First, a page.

Paccar's Hybrids: Building a Heavy-Duty Supply Chain: Special Report: Anatomy of a Product

Paccar's Hybrids: Building a Heavy-Duty Supply Chain: Special Report: Anatomy of a Product

U.S. truck maker leverages close supply chain relationships to bring innovative products to the market on time.

Detroit was abuzz this past September when General Motors Corp. unveiled at its headquarters the product design for its Chevy Volt plug-in electric car. Critics have referred to the Volt as the car that could "save Detroit." While the Volt isn't scheduled to arrive in showrooms until 2010, U.S. automakers of another sort have already begun producing hybrid vehicles. These technologically advanced machines are produced by the commercial trucking industry, a line of business that doesn't garner nearly the amount of mainstream media attention for its environmental efforts as advancements in consumer auto production.

One U.S. manufacturer that's been at the forefront of hybrid long-haul truck production is Bellevue, Wash.-based Paccar Inc. The company began commercial production of hybrid medium-duty trucks through its Kenworth and Peterbilt divisions in September. Pilot programs have been underway for more than a year, most notably at Coca-Cola Enterprises Inc., which purchased 120 Kenworth hybrids for its fleet in February 2008. Paccar also has produced hybrid trucks in Europe through its Dutch subsidiary Daf Trucks NV.

Over the years, Paccar's efforts to develop fuel-efficient vehicles has earned the company praise. In 2006, President Bush presented the National Medal of Technology to Mark Pigott, chairman and CEO, for Paccar's development of lightweight, aerodynamic commercial vehicles. In 2007, Paccar received the Environmental Protection Agency's SmartWay designation for designing reduced-emissions trucks.

A worker at Paccar's Ste. Therese, Quebec, Canada, plant installs a transmission into a Paccar PX-6 engine for a Kenworth T-370 hybrid truck.

The company's history of ingenuity and forward thinking has paid dividends. In 2007, Paccar recorded its 69th consecutive year of profitability, though net earnings dropped 18% to $1.2 billion from the previous year. Revenue reached $15.2 billion in 2007, compared with $16.4 billion in 2006. In an October 2008 earnings call, Pigott attributed a slight drop in third-quarter profit to the cyclical trucking industry, which he says typically endures downswings every five years.

Hybrid vehicles likely won't boost Paccar's profit and revenue in the immediate future because they sell for about $40,000 more than traditional diesels, and the technology is new. But if gas prices continue to siphon profits from truck drivers and logistics providers, Paccar may have positioned itself for a major growth opportunity. That's because Paccar estimates its hybrid trucks can cut fuel costs between 25% and 50%, depending on the application. If the company's hybrid initiative is a success, its history of supply chain best practices along with lean manufacturing processes will play a significant role.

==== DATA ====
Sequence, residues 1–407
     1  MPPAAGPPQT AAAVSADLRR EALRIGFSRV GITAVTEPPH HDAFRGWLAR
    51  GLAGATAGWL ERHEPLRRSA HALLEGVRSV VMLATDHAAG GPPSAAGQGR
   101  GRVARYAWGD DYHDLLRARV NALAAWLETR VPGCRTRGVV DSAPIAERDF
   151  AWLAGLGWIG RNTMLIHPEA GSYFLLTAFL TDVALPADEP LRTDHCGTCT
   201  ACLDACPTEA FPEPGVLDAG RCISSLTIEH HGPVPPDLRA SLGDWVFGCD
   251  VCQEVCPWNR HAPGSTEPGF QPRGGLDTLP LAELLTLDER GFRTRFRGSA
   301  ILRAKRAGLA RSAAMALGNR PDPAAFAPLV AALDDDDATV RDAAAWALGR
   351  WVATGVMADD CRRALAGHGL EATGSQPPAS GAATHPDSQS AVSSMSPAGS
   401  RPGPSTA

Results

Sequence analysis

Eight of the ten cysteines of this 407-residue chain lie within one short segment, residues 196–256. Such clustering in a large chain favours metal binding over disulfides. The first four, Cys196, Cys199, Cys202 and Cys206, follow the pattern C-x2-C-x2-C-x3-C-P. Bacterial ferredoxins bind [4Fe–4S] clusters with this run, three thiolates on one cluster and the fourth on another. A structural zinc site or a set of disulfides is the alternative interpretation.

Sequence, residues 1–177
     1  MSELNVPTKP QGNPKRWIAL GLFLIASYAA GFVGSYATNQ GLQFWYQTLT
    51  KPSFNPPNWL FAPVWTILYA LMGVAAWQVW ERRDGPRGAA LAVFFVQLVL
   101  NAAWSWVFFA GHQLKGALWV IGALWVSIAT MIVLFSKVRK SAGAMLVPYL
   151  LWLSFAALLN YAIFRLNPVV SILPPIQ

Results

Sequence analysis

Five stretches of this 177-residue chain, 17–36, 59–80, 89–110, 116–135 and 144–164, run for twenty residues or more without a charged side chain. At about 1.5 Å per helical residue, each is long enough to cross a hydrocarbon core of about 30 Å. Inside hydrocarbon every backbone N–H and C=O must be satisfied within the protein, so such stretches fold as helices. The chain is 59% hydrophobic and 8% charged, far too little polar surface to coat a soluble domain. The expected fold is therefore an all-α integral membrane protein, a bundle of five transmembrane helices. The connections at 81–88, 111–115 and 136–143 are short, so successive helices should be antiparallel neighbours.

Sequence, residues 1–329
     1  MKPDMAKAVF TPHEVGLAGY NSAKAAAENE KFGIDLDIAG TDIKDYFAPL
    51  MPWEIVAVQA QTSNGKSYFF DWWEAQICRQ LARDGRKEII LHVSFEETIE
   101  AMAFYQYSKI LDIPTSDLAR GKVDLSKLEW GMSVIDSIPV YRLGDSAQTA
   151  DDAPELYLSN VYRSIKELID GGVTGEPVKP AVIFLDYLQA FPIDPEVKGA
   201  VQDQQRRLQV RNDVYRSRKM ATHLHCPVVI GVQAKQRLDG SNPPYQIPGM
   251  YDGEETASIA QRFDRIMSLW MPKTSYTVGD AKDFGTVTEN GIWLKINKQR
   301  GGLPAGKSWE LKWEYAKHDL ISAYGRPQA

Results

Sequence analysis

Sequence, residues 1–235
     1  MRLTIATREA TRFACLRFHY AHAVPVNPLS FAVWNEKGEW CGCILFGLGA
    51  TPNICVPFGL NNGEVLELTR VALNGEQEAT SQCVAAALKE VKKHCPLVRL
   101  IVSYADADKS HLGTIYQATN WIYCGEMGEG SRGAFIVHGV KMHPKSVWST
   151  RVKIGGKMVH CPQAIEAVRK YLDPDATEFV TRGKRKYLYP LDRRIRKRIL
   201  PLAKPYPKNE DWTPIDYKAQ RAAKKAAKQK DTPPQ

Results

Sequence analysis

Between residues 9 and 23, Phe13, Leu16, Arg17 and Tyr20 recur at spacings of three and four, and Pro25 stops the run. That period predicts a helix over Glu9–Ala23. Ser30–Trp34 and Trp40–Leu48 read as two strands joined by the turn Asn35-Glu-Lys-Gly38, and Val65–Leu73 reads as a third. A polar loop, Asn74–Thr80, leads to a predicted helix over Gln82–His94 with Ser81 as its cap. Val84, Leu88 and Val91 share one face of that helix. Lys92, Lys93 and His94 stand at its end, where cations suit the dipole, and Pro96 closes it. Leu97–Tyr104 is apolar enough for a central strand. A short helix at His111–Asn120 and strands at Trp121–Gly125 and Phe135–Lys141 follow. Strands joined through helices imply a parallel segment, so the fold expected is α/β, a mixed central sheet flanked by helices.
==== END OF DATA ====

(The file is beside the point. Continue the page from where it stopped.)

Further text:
Getting Ramped Up

One of Paccar's closest supply chain partners is Eaton Corp., a Cleveland-based diversified industrial manufacturer. The two companies have worked together for more than 50 years, according to Chris Konkel, Eaton's account director for Paccar. So it was only natural that when Eaton established its hybrid systems business unit in 2000, Paccar quickly jumped on board. In March 2006, Paccar launched a hybrid vehicle program in conjunction with Eaton with the goal of improving fuel efficiency 30% for select medium-duty trucks by 2013.

Workers at the Ste. Therese plant set the cab for the T-370.

Eaton's hybrid system combines an automated transmission and clutch with a lithium ion battery pack, a motor/generator and computer logic and controls to manage the interaction between the internal combustion power and electrical power. The challenge for Paccar was integrating the technology with customized trucks.

"If you're developing a Prius or an Escape, you get the same configuration all the time, and with the medium-duty and heavy-duty truck industry, since the customers' needs are so varied, you end up with a broad array of configurations, and that takes some planning and development," says Preston Feight, chief engineer for the Kenworth Truck Co.

Paccar builds to customer orders, meaning one truck might be assembled with aerial capabilities for utility-line applications, while another truck could be designed for pick-up and delivery functions. On the plant floor in Ste.Therese, Quebec, Canada, where Paccar produces its Kenworth and Peterbilt hybrids, adding these unique features to a new power source required some additional training for operations workers.

Initially, engineers supported operations by working with them during the assembly process to bring the line workers up to speed, says Marilyn Santangelo, Kenworth's assistant general manager of operations. "The engineers fly up there (Ste. Therese), and we have quite a bit of back and forth on how tools work or don't work given a certain location, and in the end we get the best solution," Santangelo relates.

Another potential issue was validation of the components to make sure there were no electrical voids, says Feight. Paccar conducted the validation tests at Eaton's technology center, its own and independent facilities, according to Feight.

Once Paccar's hybrids are operating in the field, the company monitors them closely to ensure the trucks are working properly, says Bill Kozek, Kenworth general manager and Paccar vice president. The company assigns engineers to each account to address any issues with the hybrid trucks, Kozek explains, adding that he receives a field report each Friday evening.